Program on Religion, Diplomacy, and International Relations Convenes Annual Colloquium


The Liechtenstein Institute on Self-Determination (LISD) at Princeton University’s Program on Religion, Diplomacy, and International Relations (PORDIR) convened a colloquium, "Religion and Crisis: The Situation of Women and the Next Generation," in Vienna, Austria from June 7-9, 2013, in Vienna, Austria at the Liechtenstein City Palace and at the Diplomatic Academy. This was the fifth annual PORDIR colloquium. Previous PORDIR conferences focused on religion and self-determination (2011), religion in crisis diplomacy (2010), religion in development (2009), and the influence of religion and religious beliefs in the conduct of international diplomacy and power politics (2008). Participation in the conference was by invitation only.

The objective of the 2013 PORDIR colloquium was to analyze issues pertaining to the nexus between religion and issues related to women and youth, as events around the world make it clear that calls for better governance, democratization, and human rights are likely to become louder in the years to come. Special consideration was given to the Middle East, North Africa, and the Persian Gulf. The push to secure rights for women and empower the next generation, and the rising emphasis on faith are inextricably linked, and this colloquium explored these issues through presentations by ten Princeton PORDIR fellows and roundtable discussions with practitioners, diplomats, and scholars. The colloquium was chaired by Wolfgang F. Danspeckgruber, Founding Director of LISD.

The PORDIR fellows presented their draft working papers over three thematically organized panels. The first panel, “Religion, Women, and National Identity,” included research by David Weil, Katie Manbachi, and Ankit Panda. Weil offered a comparative history of Turkey and Pakistan, focusing on the question of women’s rights as citizens at the founding of both states. Manbachi explicated Ayatollah Montazeri’s doctrine of Velayat-e Faqih and its socio-political implications in Iranian society. Panda analyzed the writings of Vinayak Damodar Savarkar, a Hindu nationalist political thinker in India, focusing on his use of geography.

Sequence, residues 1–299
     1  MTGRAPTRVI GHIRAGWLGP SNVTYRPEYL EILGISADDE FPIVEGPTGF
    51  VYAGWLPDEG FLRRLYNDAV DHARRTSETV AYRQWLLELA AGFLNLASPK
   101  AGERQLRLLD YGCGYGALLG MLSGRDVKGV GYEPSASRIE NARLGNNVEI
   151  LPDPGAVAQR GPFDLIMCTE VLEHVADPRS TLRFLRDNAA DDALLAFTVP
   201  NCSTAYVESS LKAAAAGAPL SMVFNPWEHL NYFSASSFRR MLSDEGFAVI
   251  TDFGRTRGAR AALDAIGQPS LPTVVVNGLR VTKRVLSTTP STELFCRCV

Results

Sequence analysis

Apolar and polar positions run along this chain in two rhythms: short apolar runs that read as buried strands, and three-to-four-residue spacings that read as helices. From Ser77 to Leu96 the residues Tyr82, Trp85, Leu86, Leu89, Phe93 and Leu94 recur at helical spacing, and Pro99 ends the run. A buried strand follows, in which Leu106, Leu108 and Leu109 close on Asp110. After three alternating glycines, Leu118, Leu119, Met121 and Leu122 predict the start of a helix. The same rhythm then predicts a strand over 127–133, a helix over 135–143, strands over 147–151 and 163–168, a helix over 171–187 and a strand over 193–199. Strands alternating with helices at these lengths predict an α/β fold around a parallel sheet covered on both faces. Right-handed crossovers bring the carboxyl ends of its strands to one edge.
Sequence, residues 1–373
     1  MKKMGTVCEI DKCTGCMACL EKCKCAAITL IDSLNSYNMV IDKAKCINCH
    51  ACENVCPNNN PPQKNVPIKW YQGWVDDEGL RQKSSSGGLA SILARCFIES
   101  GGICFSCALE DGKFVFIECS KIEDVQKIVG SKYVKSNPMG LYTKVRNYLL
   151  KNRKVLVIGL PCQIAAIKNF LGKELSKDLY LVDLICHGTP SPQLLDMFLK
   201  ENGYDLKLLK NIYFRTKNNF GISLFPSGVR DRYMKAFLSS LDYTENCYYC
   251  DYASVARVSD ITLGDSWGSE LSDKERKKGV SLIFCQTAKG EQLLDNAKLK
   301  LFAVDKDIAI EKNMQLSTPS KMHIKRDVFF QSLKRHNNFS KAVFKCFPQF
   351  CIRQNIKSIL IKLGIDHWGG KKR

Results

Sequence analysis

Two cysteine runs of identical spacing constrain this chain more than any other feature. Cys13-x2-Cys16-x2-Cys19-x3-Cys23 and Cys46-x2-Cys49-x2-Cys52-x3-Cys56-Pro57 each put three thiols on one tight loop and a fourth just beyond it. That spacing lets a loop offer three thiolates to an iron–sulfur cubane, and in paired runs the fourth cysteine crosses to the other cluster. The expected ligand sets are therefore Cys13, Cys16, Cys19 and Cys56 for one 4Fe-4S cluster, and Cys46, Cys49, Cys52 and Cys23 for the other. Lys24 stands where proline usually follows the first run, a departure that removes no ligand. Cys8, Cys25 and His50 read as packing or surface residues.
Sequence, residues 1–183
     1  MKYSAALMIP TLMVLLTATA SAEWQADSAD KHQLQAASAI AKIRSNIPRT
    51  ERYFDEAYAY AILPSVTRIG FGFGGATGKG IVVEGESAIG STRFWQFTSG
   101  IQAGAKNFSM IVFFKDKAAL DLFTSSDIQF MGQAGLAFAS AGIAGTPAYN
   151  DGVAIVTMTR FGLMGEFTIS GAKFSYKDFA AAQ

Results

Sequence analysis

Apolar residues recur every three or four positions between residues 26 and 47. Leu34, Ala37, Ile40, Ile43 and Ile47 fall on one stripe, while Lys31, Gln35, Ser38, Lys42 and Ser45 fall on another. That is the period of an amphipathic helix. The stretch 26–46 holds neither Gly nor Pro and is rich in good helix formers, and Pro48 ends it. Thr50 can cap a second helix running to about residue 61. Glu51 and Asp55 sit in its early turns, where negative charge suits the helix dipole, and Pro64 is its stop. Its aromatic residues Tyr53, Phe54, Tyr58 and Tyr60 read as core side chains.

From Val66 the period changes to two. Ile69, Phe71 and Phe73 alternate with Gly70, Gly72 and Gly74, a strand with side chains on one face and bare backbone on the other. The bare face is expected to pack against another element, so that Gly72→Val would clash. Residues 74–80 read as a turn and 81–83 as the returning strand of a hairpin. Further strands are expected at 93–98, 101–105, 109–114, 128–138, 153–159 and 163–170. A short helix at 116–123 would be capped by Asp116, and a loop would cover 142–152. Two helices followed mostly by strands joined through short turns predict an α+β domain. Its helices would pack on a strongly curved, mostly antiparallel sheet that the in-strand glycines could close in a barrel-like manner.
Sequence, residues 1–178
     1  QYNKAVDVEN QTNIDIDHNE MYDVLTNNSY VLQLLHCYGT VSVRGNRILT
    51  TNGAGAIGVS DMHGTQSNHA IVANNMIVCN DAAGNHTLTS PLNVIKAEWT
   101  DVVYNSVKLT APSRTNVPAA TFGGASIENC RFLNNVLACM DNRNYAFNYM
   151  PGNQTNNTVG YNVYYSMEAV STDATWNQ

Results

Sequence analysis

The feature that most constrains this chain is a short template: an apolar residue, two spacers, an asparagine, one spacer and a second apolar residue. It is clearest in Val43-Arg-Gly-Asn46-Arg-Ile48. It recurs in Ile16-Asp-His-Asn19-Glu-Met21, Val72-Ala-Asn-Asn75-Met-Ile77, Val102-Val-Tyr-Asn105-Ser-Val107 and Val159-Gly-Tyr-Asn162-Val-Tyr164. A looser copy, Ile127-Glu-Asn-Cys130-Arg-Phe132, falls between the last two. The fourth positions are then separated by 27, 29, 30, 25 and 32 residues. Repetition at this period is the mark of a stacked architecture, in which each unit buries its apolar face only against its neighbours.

The second panel of presentations, titled “Religion and Political Thought,” featured research conducted by Usaama al-Azami, Adriana Rexon, and Launa Greer. Al-Azami’s research, excerpted from his Near Eastern Studies dissertation research, analyzed the Muslim Brotherhood’s attitudes towards democracy with evidence from their internal deliberations. Rexon, also focusing on the Muslim Brotherhood, discussed moderation theory and its applicability to modern Egyptian politics. Greer explored Islamophobic trends in social media with the United Kingdom as a case study.

The third panel of fellow presentations focused broadly on the theme of “Religion, Crisis, and Diplomacy.” The panelists included PORDIR fellows Stephanie Char, Sarah Ray, Mengyi Xu, and Shikha Uberoi. Char presented her research on the role of Christian groups in inter-Korean diplomacy. Ray, a recent public policy graduate of the Woodrow Wilson School, focused on the political economy of the economic crisis in Spain, and possible policy approaches incorporating the church. Xu focused on the importance of personal factors in negotiation and diplomacy, including the difficulties that arise in cross-cultural and interreligious negotiations. Finally, Uberoi presented the framework for a social venture she hopes to launch in India to empower women and the youth called “Kaun Banega Hero.”

The PORDIR fellows additionally had the opportunity to privately meet with Dr. Johann Marte, and Dr. Erich Leitenberger of Pro-Oriente–an international organization intended to foster dialogue and interaction between the Catholic church, and the various Orthodox Christian churches to Europe’s east.

In addition to the fellows’ presentations, the conference featured several invited speakers. Mr. Faisal Bin Abdulrahman Bin Muaammar, and Ms. Claudia Bandion-Ortner, Secretary-General and Deputy Secretary-General respectively of the King Abdullah Bin Abdulaziz International Centre for Interreligious and Intercultural Dialogue (KAICIID) addressed the colloquium about the activities of their center, and the necessity for interreligious dialogue. The representatives from KAICIID followed their presentation with a candid discussion. Amb. Ursula Plassnik, former Foreign Minister of Austria, discussed her personal experiences in crisis diplomacy in navigating the Danish Jyllands-Posten cartoons crisis in 2006.

Over the course of the conference, the PORDIR fellows received feedback and questions from a group of invited expert participants. In addition to the fellows’ presentations, the fifth PORDIR conference featured commentary and lectures from accomplished experts in diplomacy, religion, law, and academia.

LISD created the Program on Religion, Diplomacy, and International relations in 2007 in response to the increasingly important role of religion in interstate and intrastate conflicts, and in aspects of international affairs. The program offers students and faculty at Princeton the opportunity to study, reflect, and generate ideas concerning the multiple intersections of religion, diplomacy, and international relations. The project currently includes a student fellowship program, weekly seminar series, and annual conference.